200 Waipahu High School Faculty & Staff Visit ‘Ulu’ulu

Mahalo Waipahu High School Faculty & Staff for visiting ‘Ulu’ulu!

Heather welcoming our first group of Waipahu High School faculty & staff

Heather welcoming our first group of Waipahu High School faculty & staff

Yesterday, our ‘Ulu’ulu crew hosted a series of archive tours for some 200 faculty and staff visiting UHWO from Waipahu High School. We enjoyed sharing about ‘Ulu’ulu and the work we do, shared an extreme example of preservation challenges in Hawai’i, and helped teachers find their place in the timeline of video formats – good good fun!

From all of us at ‘Ulu’ulu, we extend a warm aloha to these awesome teachers for their enthusiasm and interest in Hawai’i’s moving image history. Remember to visit our website at uluulu.hawaii.edu to begin searching our collections and integrating video of Hawai’i’s history and cultures in your classroom. And, please feel free to contact our Reference Archivist, Shavonn Matsuda, with any questions, footage or visit requests.

Click to view more photos on our Flickr

Click to view more photos on our Flickr


View photos on our Flickr

AHA Repository Spotlight – Lyman Museum & Mission House

The Association of Hawai’i Archivists (AHA) is highlighting local repositories on its blog each month. This month AHA has chosen to spotlight a repository that was one of ʻUluʻulu’s partners in our HKG Pilot Project – the Lyman Museum & Mission House in Hilo, Hawaiʻi. AHA’s post details the museum’s Pierce Photo Identification Project which has helped Lyman to successfully identify about 450 of the almost 800 unidentified photos they’ve made publicly available. According to the post, the Photo ID Project is “a multi-pronged strategy to recruit community help to solve these mysteries.” Read more on AHA’s Repository Spotlight.

Archivist Picks – Hawaiian Sovereignty

With the topic of sovereignty being raised quite a bit in the news recently and with Lā Ho‘iho‘i Ea (Restoration Day) being celebrated this weekend (July 26), we decided to highlight some of the footage we have in our collections that are related to Hawaiian sovereignty.

First Friday : The Unauthorized News : Hawaiian Sovereignty (February 1993), HKG Pilot Program Collection

First Friday : The Unauthorized News : Hawaiian Sovereignty (February 1993), Pilot Program Collection

Topics discussed and events observed in the selected footage include the 1893 overthrow of Queen Lili‘uokalani and the 1898 (purported) annexation of the Kingdom of Hawai‘i. It should be pointed out that the footage we have covers an array of issues related to sovereignty for Hawai‘i, including efforts to stop the bombing of Kaho‘olawe and a number of First Friday episodes which detail the state-run Native Hawaiian plebiscite.

We also have a good amount of footage on Ka Lāhui Hawai‘i, mainly because members of that group, like Haunani-Kay Trask and Mililani Trask, hosted the First Friday program (which we acquired as part of our Pilot Program) and detail much of Ka Lāhui’s actions and viewpoints during the show. But, we also have digitized video of Kekuni Blaisdell, who was active in the Ka Pākaukau group, and of George Helm, Emmett Aluli and others from the Protect Kaho‘olawe ‘Ohana (PKO).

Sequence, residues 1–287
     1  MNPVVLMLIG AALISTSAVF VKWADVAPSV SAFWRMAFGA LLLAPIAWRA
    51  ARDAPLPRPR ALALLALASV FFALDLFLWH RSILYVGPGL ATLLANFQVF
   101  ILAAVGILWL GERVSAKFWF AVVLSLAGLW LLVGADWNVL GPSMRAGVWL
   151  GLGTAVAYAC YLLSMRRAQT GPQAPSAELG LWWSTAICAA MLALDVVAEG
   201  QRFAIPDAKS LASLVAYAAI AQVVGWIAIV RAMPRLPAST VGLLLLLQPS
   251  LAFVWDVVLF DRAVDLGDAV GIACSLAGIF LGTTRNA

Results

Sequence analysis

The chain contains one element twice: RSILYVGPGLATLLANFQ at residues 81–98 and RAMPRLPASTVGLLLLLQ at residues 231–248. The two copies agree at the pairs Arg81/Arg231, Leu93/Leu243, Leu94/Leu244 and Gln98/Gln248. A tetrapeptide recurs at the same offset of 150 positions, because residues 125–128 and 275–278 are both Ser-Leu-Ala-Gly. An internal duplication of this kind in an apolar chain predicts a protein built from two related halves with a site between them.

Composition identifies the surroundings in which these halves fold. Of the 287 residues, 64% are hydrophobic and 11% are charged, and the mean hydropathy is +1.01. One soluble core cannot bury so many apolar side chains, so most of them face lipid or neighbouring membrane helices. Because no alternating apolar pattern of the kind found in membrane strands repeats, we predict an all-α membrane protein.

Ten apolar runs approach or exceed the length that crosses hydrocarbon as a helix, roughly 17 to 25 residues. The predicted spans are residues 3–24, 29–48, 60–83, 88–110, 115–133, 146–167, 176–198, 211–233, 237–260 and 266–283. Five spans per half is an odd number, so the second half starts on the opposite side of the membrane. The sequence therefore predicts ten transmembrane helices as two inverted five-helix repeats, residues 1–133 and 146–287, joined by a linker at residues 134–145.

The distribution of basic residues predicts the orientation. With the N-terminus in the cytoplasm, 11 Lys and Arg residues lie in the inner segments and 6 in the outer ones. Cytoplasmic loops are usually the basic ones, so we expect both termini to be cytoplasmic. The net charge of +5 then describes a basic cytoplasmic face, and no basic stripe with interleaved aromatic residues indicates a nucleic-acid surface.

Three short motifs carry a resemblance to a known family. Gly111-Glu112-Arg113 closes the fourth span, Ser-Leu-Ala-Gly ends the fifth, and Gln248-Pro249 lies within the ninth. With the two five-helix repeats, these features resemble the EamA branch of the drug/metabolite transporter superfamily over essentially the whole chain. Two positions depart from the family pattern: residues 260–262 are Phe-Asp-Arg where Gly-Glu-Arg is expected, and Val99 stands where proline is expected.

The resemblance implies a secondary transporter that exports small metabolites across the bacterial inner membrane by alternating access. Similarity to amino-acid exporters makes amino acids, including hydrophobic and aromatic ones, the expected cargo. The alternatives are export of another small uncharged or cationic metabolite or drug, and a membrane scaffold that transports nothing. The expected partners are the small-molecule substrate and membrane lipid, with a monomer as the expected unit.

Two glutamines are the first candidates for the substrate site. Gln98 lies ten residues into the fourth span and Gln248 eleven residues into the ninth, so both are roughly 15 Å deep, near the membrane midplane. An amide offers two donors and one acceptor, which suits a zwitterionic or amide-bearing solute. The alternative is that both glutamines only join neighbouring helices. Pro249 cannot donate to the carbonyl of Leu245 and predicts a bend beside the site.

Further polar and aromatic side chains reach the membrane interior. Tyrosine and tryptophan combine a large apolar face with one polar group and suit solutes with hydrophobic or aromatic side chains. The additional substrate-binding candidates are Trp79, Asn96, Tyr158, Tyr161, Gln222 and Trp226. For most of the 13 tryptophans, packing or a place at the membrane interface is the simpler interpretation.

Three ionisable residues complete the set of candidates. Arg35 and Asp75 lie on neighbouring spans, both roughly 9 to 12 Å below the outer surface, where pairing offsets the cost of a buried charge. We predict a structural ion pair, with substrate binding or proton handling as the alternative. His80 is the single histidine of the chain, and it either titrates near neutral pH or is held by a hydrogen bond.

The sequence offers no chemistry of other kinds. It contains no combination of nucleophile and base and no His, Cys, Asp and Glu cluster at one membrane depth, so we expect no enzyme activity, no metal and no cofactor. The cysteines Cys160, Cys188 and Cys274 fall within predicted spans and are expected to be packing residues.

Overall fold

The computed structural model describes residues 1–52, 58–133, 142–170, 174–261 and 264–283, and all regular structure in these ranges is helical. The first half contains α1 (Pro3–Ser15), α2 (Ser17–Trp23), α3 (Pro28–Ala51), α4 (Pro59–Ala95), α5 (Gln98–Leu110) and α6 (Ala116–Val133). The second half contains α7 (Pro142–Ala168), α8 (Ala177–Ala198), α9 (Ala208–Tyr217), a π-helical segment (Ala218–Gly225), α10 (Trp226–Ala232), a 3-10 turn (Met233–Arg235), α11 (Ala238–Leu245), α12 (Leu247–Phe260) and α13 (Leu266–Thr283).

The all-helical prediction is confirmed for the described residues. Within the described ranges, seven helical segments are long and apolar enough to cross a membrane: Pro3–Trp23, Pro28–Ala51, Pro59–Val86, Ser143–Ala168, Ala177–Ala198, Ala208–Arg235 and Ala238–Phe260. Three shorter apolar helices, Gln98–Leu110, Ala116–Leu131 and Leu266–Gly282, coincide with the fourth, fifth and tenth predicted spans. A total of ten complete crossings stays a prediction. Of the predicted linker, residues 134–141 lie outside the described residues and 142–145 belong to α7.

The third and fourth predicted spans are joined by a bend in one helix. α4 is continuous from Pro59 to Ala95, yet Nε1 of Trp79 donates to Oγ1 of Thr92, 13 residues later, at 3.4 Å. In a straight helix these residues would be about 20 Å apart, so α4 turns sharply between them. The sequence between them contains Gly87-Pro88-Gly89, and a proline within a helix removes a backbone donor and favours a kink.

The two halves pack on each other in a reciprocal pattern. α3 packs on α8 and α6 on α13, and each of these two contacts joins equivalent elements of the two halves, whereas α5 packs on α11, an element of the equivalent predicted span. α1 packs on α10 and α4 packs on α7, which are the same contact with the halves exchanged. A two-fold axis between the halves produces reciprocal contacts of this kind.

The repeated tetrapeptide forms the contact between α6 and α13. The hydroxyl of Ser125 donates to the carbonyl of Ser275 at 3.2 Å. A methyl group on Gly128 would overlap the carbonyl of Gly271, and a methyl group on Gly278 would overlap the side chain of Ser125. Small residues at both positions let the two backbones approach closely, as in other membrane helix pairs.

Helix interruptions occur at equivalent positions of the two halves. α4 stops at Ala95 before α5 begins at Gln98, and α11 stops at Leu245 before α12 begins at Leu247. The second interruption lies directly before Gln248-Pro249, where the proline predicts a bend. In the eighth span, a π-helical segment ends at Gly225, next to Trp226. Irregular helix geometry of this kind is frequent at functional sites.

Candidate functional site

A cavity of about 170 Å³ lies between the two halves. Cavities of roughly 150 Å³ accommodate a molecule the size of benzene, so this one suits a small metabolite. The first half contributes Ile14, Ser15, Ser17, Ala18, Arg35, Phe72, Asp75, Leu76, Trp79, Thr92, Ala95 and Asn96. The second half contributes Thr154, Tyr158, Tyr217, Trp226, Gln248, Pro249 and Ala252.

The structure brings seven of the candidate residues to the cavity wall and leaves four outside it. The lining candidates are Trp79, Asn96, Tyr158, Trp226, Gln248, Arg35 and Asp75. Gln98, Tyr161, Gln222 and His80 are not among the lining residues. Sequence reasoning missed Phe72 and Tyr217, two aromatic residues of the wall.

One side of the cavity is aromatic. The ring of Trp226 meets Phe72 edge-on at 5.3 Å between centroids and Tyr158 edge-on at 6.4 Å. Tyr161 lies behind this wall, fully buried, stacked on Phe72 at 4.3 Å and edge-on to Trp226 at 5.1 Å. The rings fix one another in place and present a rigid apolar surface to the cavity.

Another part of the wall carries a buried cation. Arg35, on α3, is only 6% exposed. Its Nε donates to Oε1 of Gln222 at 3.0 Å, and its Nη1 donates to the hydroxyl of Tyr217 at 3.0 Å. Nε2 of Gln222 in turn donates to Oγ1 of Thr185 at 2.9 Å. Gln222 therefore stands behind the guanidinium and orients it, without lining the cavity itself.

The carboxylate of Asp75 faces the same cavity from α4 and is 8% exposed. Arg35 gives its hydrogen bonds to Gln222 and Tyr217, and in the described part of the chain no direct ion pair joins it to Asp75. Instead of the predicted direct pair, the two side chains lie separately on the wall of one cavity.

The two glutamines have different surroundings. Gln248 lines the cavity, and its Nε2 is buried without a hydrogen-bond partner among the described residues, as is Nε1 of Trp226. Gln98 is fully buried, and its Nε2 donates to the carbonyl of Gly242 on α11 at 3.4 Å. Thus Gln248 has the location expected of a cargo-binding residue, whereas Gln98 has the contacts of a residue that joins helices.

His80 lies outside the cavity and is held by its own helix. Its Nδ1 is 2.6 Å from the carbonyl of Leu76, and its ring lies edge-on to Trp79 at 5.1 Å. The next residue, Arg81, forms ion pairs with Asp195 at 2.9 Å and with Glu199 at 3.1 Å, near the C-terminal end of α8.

Her Majesty: Liliʻuokalani, Hawai'i Public Broadcast Collection

Her Majesty: Liliʻuokalani, Hawaiʻi Public Broadcast Collection

For those less familiar with the ongoing struggle for Hawaiian sovereignty… Many, if not all, in the sovereignty movement agree that the overthrow was illegal; however, there have been various actions proposed to address the issue and the debate continues as to a solution to the injustice. It could be argued that the sovereignty movement was started by the Queen and her supporters immediately after the 1893 overthrow. But, the modern sovereignty movement coincides with the Hawaiian Renaissance of the 1970s and was especially strong in the 1990s with the anniversaries of the overthrow and the annexation in 1993* and 1998 respectively.

* We’re currently digitizing footage of the 1993 ‘Onipa‘a event held at ‘Iolani Palace on the 100th anniversary of the overthrow of the Queen. We’re hoping to be able to add these videos to our website later this year. Email us (uluulu at hawaii.edu) for more info.

View Hawaiian Sovereignty Theme

Two new faces at ‘Ulu‘ulu

We welcomed two new faces this month – Jonah Dias and Keahiahi Long.

Jonah Dias

Jonah Dias


Jonah Dias is from Hilo, Hawai‘i and is a 2011 graduate of Kamehameha Schools Kea‘au. He is currently a senior in the Academy of Creative Media program at the University of Hawai‘i at Mānoa and hopes to work in the film industry after graduating with his B.A. Jonah says he is interested in film because he “appreciates learning from stories and sharing stories.” He shared that he’s happy to be at ‘Ulu‘ulu because he likes to learn about the history of Hawai‘i and its people and ‘Ulu‘ulu enables him to do so through film. When he’s not here at ‘Ulu‘ulu, Jonah also serves as a Production Technician for PBS Hawaii.

Keahiahi Long is from O‘ahu and is a graduate student in the Master of Library & Information Science program at the University of Hawai‘i at Mānoa. As part of her summer fellowship with the Dance Heritage Coalition (DHC), Keahiahi spent the first part of her summer interning at the Museum of Performance + Design in San Francisco. She will be fulfilling the DHC’s practicum requirement by working at ‘Ulu‘ulu for the next 6 weeks helping to research dance materials in our collections.